LOS ANGELES — The Los Angeles County Sheriff’s Department is running a projected $40 million budget deficit and using dollars allocated for services, supplies and equipment to pay out an estimated $142 million in unbudgeted overtime, according to a report presented to the Board of Supervisors April 10.
Chief Executive Officer Sachi Hamai told the board that the numbers reflect a historical imbalance in place for the last 20 years, long before Sheriff Jim McDonnell was elected in 2014.
“The sheriff’s budget does not reflect the actual spending in many of the line item categories,” Hamai said, pointing to $260 million in overtime spending, more than double the amount budgeted.
The department says it uses overtime to make up for hundreds of vacant sworn and civilian positions.
In response, the board unanimously voted to hire an independent consultant to develop strategies to recruit and retain more deputies.
The department is also struggling to absorb cost increases in retiree health care and workers’ compensation, with Hamai projecting $100 million in cost overruns.
McDonnell pledged to collaborate with Hamai and the auditor-controller on a sustainable budget, but he also raised “the very real possibility that the [Sheriff’s Department] is underfunded.”
Pressures include an “exponential rise” in the jail population and a growing number of mentally ill inmates requiring additional services, and the sheriff suggested that the scope of the department’s work might need to be cut back to right-size the organization.
“We want to be many things to all people, but we need to ask ourselves if can we afford to do that,” McDonnell said. He later added, “We have reached a fiscal tipping point.”
The sheriff said the organization — which has a $3.2 billion budget for fiscal year 2017-18 — is among the leanest when compared with law enforcement agencies in New York, Chicago and other big cities, which have an officer-to-population ratio of 4 to 1,000 or more, versus the Sheriff’s Department’s ratio of one to 1,000.
“Los Angeles taxpayers are getting a true bargain,” McDonnell said.
The sheriff, the board, city officials and labor leaders all agreed that deputies are being asked to work too much overtime, which hurts morale and creates the risk of bad decisions.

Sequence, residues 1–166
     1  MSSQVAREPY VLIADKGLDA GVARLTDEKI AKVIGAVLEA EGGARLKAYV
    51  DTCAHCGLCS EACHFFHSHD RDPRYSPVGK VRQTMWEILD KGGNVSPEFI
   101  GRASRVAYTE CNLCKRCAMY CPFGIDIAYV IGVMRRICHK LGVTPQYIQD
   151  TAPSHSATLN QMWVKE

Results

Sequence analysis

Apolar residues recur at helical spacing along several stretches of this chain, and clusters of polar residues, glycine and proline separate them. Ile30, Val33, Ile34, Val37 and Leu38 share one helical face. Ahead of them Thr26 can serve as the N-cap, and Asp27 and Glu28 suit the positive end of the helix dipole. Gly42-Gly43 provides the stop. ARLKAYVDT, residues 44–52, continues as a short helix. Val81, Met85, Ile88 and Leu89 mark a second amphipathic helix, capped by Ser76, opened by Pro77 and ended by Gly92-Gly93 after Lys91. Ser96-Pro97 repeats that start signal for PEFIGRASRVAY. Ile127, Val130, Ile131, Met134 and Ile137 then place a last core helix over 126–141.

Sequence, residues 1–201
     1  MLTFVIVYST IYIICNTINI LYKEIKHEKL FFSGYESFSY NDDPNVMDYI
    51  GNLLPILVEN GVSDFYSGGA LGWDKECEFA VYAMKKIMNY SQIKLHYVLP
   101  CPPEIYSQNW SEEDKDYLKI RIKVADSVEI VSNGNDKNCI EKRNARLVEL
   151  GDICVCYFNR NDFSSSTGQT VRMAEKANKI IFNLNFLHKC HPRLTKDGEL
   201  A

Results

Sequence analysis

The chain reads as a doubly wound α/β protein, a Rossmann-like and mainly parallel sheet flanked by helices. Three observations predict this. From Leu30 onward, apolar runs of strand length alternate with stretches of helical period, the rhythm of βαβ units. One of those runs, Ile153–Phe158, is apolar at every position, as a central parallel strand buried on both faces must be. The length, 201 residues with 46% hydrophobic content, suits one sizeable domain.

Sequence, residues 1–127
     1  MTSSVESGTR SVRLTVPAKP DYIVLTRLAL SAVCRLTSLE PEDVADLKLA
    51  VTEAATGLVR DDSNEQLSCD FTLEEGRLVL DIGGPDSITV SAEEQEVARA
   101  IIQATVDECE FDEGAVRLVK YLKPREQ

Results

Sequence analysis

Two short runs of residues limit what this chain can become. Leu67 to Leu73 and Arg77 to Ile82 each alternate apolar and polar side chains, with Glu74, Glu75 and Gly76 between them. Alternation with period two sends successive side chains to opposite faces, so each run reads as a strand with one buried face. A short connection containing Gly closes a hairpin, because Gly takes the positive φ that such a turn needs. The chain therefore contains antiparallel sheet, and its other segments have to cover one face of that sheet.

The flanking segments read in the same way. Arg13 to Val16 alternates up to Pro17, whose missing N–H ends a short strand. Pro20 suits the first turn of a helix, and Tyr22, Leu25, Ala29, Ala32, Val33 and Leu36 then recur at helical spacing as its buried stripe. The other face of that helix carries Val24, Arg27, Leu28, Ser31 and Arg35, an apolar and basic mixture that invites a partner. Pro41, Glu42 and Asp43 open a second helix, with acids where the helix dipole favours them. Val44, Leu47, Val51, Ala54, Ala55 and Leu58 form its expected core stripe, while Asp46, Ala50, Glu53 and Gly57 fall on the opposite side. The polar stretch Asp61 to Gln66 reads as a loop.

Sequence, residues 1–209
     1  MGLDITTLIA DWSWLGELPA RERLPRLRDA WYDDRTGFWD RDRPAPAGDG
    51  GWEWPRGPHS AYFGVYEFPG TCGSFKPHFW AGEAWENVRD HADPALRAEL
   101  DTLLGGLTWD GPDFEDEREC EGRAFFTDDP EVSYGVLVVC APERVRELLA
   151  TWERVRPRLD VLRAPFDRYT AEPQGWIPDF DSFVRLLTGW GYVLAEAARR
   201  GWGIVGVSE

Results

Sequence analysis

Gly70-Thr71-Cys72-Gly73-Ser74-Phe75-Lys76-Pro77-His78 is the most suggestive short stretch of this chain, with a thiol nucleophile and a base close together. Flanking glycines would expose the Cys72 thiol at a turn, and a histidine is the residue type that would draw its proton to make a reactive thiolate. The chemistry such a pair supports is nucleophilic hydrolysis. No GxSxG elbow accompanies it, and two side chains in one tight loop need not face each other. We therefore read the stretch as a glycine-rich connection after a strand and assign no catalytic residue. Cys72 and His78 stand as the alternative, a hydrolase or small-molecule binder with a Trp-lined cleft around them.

The union believes another 1,500 deputies need to be hired, according to Derek Hsieh, executive director of the Association for Los Angeles Deputy Sheriffs. There are currently 9,295 sworn personnel working for the department, according to department spokeswoman Nicole Nishida.
“It’s reached the point to where it’s a crisis,” Hsieh told City News Service.
Deputies are being asked to work as many as six to eight extra shifts a month, Hsieh said, which is just “not healthy.”
Supervisor Kathryn Barger agreed, saying, “It is not fair to ask them to work large amounts of overtime” to make up for unfilled positions.
Significant mandatory overtime is one of the things that makes it hard to hire new deputies, Hsieh said. The personnel shortage also hamstrings the department from instituting changes — including adding more mental health evaluation teams and upgrading equipment and technology — a point echoed by McDonnell, who cited an “already archaic information infrastructure.”
Supervisor Hilda Solis noted that difficulties in hiring enough officers is “not unique to this department, but part of a national trend,” and urged McDonnell to “focus on quality.”
McDonnell said the department has been searching college campuses and military bases nationwide to find the best recruits, in addition to boosting its social media presence to attract interest.
Keeping deputies from leaving the department is also critical, the sheriff said, telling the board he worries that “deputies are chronically tired” and spending too much time away from their families, especially since many have long commutes to work.
“We cannot achieve full staffing and reduce overtime just by increasing the number of people coming through the front door,” McDonnell said, before making a pitch to would-be deputies.
“It’s one of the rare careers where you get to make an immediate positive impact on the lives of people who need your help,” he said.
A report from the recruiting and retention consultant to be hired by the CEO’s office is expected back in 90 days.
Hamai pledged to work with the auditor-controller and sheriff’s department to bring the budget into balance by June 30.
The CEO said the collaborative review would include an analysis of whether the overtime costs are directly tied to vacancies and an effort to match ongoing revenues to ongoing expenses.